QSR Bounceback

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There are few industries that have taken the same offline hit as the QSR sector. With many closing in-store dining options as early as mid-March, the wider industry saw a precipitous drop in visits shortly thereafter.

We dug into the sector to analyze its performance in order to understand how it has been affected and what its long term opportunity is for a fast turnaround.

Hard Hit

The wider Fast Food sector felt a strong negative impact from the spread of coronavirus. Brands across the space watched their traffic drop significantly after strong visit numbers in January and February. Chick-fil-A had already enjoyed two months with over 20% year-over-year growth, while Chipotle was continuing its strong rebound with 14.6% and 24.5% visitor growth in January and February respectively. Heavyweights like McDonald’s, Burger King and Taco Bell were also enjoying strong starts to the year. 

Yet, March damaged that effort significantly with all but one of the brands analyzed seeing year-over-year declines of more than 30%.

When and How the Downturn Began Matters

Yet, like with other industries, the timing of the downturn is important. Visits not only saw growth in the last week of February and the first week of March but incredibly high growth. The group analyzed averaged a 10% increase in visits during the second week of March year-over-year with Chick-fil-A leading the way with a jump of over 18%.

And looking at an industry leader like Chick-fil-A is indeed demonstrative. The brand – known for staying closed on Sundays – saw the two Saturdays prior to shutting dining rooms come in as the highest traffic days nationwide since the start of 2019. Even more, when the decision to close dine-in came, the blow came felt swiftly. Visits went from 24.1% above the baseline on Saturday the 14th to 37.7% below on Monday the 16th. From here, visits found a bottom that has continued through early April. Their audience didn’t want to stop coming, the brand was simply trying to be responsible during a period that called for social distancing.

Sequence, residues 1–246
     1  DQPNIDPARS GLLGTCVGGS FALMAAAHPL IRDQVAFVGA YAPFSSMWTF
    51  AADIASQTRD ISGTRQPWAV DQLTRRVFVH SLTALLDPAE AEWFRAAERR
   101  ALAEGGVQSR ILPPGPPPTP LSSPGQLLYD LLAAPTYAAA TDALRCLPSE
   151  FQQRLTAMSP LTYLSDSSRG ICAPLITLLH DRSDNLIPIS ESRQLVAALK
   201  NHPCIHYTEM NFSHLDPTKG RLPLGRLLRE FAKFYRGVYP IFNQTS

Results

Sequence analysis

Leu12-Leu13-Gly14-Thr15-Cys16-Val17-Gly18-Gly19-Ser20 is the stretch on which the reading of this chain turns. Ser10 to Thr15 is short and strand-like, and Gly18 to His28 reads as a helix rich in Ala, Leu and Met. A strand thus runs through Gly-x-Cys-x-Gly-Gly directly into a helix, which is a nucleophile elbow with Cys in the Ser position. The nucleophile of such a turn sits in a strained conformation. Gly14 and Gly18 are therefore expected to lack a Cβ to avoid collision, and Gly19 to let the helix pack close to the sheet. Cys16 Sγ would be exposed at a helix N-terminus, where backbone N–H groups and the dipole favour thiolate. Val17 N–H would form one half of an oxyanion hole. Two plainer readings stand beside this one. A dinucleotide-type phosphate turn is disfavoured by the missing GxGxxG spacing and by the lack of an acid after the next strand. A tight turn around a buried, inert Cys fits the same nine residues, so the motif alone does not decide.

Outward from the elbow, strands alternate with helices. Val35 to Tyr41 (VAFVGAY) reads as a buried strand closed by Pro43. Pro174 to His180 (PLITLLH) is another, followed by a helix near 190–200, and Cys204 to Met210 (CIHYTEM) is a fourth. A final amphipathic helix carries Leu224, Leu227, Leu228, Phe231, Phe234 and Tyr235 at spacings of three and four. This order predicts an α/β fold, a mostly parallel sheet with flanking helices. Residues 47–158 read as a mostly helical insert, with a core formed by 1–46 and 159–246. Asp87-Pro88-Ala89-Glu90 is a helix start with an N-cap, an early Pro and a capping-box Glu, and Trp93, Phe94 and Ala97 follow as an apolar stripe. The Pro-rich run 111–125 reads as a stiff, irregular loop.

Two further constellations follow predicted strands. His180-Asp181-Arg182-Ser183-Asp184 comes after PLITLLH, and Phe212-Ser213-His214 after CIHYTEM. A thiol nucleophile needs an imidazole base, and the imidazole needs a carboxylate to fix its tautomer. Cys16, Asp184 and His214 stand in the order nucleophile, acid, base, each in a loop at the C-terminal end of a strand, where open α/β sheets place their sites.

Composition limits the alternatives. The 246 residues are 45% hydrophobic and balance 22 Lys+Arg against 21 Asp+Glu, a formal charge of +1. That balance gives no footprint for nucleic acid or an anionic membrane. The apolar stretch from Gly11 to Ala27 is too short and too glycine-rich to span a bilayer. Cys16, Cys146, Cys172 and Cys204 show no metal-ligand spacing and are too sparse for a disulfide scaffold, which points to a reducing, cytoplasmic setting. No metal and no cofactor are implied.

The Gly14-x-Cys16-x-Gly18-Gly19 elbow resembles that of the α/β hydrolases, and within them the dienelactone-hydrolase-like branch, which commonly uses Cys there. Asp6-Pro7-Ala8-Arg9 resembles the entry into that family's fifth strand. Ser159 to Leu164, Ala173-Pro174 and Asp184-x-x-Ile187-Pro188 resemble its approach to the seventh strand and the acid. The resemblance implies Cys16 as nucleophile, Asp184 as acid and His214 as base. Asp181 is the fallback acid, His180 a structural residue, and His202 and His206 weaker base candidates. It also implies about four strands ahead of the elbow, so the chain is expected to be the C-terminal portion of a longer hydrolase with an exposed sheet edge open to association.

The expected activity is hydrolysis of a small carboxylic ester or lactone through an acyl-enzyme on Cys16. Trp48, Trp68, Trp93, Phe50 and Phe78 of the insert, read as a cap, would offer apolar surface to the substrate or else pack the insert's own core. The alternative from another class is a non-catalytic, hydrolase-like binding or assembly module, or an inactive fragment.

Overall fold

McDonald’s also experienced a sharp and precipitous decline following incredibly strong heights in late February and early March. As with Chick-fil-A, visits the last Saturday of February and the first Saturday of March were among the best performing days over the period beginning in January 2019. Here too, once dine-in options began to close, visits quickly plummeted.

The Takeaway?

The takeaway here is very simple. Americans love Fast Food. The likeliest explanation for the high peak prior to shutdowns nationwide is that people turned to QSR either for fear it would be harder to get or for comfort in a crazy period. And both of these factors bode well for the return of the QSR sector. Additionally, the fact that a period of economic uncertainty is nearly guaranteed for the post-coronavirus period also supports the Fast Food model.

Fast Food restaurants offer high value, high comfort, and low-cost meals, something that becomes increasingly critical during times of economic downturn. The combination of these factors position the top brands to outperform in the post-coronavirus period. 

Finally, the existence of strong delivery, drive-thru and takeout systems can help these brands push through this difficult period while mitigating losses even amid drops in in-store sales. Even with the significant decline, McDonald’s was still able to eke out positive same-store numbers in March according to recently announced earnings.

Conclusion

The lingering desire for Fast Food – including visit peaks ahead of dine-in closures – alongside a future economic situation that emphasizes the value orientation of their offering positions the sector to rebound quickly. Additionally, the existence of some of its revenue channels – including delivery and drive-thru – should limit the ultimate impact.

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